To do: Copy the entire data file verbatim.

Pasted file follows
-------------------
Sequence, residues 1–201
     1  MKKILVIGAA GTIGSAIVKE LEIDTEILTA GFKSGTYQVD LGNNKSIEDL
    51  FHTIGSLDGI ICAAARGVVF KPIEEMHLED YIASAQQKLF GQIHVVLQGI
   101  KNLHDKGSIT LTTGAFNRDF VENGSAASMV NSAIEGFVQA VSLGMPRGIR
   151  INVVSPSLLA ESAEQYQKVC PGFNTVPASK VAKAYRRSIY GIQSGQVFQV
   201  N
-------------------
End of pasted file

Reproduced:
Sequence, residues 1–201
     1  MKKILVIGAA GTIGSAIVKE LEIDTEILTA GFKSGTYQVD LGNNKSIEDL
    51  FHTIGSLDGI ICAAARGVVF KPIEEMHLED YIASAQQKLF GQIHVVLQGI
   101  KNLHDKGSIT LTTGAFNRDF VENGSAASMV NSAIEGFVQA VSLGMPRGIR
   151  INVVSPSLLA ESAEQYQKVC PGFNTVPASK VAKAYRRSIY GIQSGQVFQV
   201  N